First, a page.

Saturday, August 3, 2013
Virginia is for Lovers -- Unless You're Gay
Both Lambda Legal and the American Civil Liberties Union reviewed my complaints, and determined there was "insufficient evidence to substantiate a strong case" against the police or county—not enough witnesses, no photos, that sort of thing. In other words: The cops didn't beat me up in front of others, and didn't film it. It's just my word against theirs. And apparently, in Virginia, citizens always side with cops and show a great deal of respect and admiration for authority; I don't blame them—you might get the shit kicked out of you otherwise. So I have no civil case; just fond memories and my side of the story:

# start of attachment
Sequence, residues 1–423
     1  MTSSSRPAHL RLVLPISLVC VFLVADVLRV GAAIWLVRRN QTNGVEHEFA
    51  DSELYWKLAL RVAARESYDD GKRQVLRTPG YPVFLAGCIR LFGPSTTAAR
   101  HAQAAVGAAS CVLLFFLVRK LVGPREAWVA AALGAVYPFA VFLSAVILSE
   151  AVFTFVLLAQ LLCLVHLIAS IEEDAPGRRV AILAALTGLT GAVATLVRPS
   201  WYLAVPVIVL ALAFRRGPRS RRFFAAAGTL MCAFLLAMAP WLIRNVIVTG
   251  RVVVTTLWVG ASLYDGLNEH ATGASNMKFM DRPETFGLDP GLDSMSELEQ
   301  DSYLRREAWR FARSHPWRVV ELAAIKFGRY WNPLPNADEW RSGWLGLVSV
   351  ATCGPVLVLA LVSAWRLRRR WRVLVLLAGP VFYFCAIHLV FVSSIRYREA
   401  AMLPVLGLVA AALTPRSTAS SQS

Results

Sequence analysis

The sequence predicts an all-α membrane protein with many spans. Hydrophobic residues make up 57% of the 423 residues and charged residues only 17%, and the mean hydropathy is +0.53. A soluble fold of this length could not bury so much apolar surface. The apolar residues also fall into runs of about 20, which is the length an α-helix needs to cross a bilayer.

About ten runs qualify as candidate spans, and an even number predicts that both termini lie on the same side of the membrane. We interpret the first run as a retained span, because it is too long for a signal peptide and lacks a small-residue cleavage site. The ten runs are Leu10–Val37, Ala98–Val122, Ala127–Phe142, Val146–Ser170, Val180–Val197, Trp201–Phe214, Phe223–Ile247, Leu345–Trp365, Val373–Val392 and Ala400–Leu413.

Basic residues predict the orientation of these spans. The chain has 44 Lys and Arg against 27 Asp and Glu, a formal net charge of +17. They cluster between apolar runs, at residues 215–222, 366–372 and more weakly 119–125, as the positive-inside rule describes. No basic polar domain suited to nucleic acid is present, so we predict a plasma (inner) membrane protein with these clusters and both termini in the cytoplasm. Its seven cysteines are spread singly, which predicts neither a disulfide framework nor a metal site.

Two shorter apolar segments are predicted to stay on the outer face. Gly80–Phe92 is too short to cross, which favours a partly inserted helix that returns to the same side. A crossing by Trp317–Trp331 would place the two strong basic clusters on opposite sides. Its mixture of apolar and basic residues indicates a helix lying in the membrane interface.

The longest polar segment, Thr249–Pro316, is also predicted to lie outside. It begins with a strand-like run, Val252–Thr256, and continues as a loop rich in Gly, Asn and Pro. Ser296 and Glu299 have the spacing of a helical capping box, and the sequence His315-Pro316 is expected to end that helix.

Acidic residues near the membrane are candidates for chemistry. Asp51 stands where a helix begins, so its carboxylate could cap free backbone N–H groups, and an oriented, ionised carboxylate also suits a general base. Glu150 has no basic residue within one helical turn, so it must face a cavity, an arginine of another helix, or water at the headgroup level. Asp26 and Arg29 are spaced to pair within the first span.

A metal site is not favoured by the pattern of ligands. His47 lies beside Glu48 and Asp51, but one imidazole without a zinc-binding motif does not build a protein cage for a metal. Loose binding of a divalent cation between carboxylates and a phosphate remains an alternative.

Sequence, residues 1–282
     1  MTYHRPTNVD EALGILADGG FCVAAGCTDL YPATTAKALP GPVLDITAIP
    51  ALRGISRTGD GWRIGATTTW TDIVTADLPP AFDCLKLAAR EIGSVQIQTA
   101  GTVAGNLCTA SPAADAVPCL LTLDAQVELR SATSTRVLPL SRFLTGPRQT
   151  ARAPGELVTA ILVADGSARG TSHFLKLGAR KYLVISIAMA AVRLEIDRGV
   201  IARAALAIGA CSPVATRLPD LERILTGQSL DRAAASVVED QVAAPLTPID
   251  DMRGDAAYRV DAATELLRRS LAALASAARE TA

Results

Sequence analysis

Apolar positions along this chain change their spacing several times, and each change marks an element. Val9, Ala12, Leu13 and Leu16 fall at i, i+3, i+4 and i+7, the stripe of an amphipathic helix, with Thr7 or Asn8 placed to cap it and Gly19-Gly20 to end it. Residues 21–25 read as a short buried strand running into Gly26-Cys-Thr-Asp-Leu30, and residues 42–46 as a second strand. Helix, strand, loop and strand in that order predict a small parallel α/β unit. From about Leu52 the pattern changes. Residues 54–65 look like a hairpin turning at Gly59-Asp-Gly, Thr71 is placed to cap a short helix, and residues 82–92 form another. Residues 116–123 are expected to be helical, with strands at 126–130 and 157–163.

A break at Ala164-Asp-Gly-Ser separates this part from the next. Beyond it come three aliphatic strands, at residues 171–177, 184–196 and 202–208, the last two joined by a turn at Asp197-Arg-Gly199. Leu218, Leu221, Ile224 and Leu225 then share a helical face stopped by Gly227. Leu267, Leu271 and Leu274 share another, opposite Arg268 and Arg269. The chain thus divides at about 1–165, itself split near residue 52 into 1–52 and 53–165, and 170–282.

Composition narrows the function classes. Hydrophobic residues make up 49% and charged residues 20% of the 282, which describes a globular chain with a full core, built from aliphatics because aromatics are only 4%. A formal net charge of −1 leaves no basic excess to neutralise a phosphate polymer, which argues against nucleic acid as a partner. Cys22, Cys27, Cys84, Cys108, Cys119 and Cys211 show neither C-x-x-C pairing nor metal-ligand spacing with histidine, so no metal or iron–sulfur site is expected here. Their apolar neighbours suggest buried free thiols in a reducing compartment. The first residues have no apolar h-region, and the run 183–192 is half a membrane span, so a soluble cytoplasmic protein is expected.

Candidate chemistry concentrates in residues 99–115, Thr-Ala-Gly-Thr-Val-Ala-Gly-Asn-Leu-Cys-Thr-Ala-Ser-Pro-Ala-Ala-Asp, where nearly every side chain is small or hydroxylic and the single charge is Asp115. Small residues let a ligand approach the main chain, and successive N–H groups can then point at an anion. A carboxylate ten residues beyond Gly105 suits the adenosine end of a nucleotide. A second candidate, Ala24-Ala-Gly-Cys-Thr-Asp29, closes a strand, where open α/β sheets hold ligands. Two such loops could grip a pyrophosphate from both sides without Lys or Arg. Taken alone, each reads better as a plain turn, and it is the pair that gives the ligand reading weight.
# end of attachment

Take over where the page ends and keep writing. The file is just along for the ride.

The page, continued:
On September 4, 2008, at 2:24 pm, I was pulled over by a Virginia County Sheriff for speeding while driving a rental car on Route 657 on my way from Washington DC to Dulles international airport. I had been in DC a few days interviewing for a job with the Servicemembers Legal Defense Network, a nonprofit gay rights organization. I was driving 85 in a 55 mph zone, and the cop informed me that in Virginia that is deemed "reckless driving." He was stern, serious, stoic and treated me as if I had just robbed the collection plate at a Baptist Church. And this is speculative on my part, but he seemed to pay extra attention to, and show particular disgust by, a small stack of circumstantial evidence on the passenger seat: A copy of a "Queer Guide to DC," several gay rights magazines, and information regarding efforts to repeal the military's "Don't Ask, Don't Tell" policy.